BRUSSELS – The EU’s top diplomat pledged Thursday to reinvigorate diplomacy with Russia, the United States, Jordan and others to ensure Palestinians have a capital in Jerusalem after President Donald Trump recognized the city as Israel’s capital.
The European Union, a member of the Middle East Quartet along with the United States, the United Nations and Russia, believes it has a duty to make its voice heard as the Palestinians’ biggest aid donor and Israel’s top trade partner.
“The European Union has a clear and united position. We believe the only realistic solution to the conflict between Israel and Palestine is based on two states and with Jerusalem as the capital of both,” EU foreign policy chief Federica Mogherini told a news conference.
Sputnik News – December 12, 2017
The leader of the German SPD party, Martin Schulz, wants to turn the European Union into the so-called “United States of Europe” with a common constitution.
The initiative differs little from the idea of a “Multi-speed Europe” that has been recently voiced by French President Emmanuel Macron in his speech at the Sorbonne, Vladimir Ardaev wrote for RIA Novosti.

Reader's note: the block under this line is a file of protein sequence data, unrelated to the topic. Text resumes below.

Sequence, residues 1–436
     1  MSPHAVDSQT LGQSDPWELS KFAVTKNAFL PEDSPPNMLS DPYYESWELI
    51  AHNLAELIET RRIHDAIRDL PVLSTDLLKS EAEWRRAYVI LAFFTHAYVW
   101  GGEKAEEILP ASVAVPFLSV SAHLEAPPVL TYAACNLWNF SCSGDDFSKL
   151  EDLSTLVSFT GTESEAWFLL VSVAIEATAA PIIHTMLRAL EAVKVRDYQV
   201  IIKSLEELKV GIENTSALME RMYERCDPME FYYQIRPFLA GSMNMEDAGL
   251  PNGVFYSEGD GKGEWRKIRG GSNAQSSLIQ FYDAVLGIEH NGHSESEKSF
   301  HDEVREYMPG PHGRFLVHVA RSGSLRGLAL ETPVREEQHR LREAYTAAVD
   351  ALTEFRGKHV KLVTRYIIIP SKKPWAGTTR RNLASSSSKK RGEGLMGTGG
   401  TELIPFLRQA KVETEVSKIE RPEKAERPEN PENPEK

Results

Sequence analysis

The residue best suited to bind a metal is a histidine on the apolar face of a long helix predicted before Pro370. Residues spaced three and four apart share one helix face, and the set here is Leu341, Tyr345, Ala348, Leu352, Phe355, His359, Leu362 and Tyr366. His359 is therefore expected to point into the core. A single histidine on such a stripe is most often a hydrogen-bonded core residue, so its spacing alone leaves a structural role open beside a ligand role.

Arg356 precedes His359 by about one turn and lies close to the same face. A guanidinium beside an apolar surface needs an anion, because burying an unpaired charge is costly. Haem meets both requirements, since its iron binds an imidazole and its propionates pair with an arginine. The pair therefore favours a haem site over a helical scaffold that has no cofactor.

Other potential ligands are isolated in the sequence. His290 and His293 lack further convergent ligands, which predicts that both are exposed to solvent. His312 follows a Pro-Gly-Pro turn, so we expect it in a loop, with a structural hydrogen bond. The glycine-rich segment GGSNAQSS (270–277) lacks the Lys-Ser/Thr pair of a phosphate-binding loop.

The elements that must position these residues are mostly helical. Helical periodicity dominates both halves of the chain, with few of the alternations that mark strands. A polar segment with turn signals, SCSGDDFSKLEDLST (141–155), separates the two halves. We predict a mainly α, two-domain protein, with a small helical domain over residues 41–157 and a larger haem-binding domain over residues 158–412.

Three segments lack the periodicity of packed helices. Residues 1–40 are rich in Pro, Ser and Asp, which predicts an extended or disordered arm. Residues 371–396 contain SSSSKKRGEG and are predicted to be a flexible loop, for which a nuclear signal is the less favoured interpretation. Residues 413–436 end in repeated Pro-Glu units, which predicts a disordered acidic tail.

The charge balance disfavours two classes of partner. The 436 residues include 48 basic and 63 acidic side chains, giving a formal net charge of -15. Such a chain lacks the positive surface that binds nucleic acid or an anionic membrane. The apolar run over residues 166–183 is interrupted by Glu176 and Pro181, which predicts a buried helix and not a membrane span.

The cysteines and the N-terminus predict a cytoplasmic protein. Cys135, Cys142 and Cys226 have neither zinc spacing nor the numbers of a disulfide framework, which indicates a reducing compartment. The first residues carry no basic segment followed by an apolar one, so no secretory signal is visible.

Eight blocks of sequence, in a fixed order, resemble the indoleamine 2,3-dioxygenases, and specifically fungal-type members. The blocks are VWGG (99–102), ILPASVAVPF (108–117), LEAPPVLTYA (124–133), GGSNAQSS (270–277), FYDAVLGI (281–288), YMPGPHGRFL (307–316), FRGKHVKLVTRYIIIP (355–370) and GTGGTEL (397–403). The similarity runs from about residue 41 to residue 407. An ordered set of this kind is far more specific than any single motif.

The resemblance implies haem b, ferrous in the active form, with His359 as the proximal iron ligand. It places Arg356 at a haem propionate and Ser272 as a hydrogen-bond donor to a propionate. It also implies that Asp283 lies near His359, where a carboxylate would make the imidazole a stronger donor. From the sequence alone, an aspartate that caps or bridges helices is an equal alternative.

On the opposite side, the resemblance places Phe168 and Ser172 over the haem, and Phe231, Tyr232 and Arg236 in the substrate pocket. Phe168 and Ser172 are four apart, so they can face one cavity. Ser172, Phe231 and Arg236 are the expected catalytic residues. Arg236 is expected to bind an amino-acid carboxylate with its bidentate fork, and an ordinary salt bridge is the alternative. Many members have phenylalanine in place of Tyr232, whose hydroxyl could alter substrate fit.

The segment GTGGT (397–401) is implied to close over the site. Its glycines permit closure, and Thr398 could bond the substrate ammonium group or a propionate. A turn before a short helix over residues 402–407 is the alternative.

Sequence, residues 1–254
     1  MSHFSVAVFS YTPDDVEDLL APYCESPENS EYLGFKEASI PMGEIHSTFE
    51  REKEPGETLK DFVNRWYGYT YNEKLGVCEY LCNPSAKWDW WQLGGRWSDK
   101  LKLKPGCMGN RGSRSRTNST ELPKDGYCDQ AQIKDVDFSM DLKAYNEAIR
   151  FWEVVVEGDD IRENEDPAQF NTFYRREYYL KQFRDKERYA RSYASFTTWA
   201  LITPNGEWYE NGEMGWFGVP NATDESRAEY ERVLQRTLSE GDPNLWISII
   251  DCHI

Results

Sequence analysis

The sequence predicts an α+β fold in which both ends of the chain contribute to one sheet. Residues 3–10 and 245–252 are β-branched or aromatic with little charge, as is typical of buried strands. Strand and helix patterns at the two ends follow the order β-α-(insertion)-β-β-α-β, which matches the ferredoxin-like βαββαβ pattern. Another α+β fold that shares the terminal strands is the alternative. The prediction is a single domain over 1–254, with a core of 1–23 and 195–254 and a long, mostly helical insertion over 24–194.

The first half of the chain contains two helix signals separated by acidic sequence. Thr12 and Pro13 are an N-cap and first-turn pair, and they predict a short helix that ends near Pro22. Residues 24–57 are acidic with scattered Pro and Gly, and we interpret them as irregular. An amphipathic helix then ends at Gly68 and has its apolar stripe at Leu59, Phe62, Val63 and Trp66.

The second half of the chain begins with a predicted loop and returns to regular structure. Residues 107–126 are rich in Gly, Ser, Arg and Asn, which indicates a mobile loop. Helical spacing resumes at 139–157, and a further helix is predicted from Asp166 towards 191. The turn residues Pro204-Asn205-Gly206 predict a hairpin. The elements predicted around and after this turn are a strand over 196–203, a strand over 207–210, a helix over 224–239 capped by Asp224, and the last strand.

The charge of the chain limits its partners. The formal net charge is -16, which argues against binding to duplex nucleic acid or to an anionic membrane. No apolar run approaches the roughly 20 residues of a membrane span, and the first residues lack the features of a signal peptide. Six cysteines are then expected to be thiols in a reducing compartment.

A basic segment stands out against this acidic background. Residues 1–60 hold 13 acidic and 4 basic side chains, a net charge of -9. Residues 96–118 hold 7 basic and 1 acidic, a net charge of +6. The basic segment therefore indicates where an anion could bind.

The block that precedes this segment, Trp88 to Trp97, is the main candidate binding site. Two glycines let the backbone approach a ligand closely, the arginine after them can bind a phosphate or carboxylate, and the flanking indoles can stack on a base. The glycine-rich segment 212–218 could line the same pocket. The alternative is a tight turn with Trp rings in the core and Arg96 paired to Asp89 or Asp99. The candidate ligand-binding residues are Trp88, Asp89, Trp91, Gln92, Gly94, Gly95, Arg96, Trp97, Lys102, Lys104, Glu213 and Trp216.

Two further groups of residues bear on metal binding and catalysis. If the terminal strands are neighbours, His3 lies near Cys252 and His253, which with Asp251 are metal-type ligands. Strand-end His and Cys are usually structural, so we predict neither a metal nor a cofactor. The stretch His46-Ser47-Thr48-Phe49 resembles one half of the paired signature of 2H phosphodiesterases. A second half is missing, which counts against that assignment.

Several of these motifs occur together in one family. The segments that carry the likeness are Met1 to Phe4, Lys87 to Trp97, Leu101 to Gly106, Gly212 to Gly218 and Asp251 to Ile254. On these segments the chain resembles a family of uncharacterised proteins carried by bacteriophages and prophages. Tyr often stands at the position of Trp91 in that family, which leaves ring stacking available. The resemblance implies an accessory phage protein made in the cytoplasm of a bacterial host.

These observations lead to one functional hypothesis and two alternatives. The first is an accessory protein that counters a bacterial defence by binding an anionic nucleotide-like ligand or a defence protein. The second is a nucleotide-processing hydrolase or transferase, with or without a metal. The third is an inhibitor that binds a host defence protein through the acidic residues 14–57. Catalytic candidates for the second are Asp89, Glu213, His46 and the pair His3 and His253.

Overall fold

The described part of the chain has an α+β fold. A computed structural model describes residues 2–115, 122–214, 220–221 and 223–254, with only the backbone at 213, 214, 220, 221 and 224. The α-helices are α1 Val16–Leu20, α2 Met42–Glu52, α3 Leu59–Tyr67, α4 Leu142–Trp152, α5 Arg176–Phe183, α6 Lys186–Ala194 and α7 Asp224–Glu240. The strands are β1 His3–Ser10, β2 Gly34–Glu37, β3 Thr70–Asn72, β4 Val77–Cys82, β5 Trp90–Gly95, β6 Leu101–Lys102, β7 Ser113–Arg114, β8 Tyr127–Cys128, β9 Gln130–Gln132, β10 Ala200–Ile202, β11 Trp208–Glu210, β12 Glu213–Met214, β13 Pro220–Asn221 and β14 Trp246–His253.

According to the political observer, the initiative contributes to a standoff within the EU, as it literally divides the bloc’s members into “first” and “second” class.
“The desire to unite the ‘the EU’s core,’ consisting only of those ready for a closer integration of the countries, didn’t come out of thin air. Disagreements in the European community have lately been increasing with the main division line passing along the borders of the Eastern European and Central European states. These states, that joined the European Union after the dissolution of the socialist bloc, differ from the Western ‘veterans’ not only in their development, but also in their stance on very important issues,” Ardaev wrote.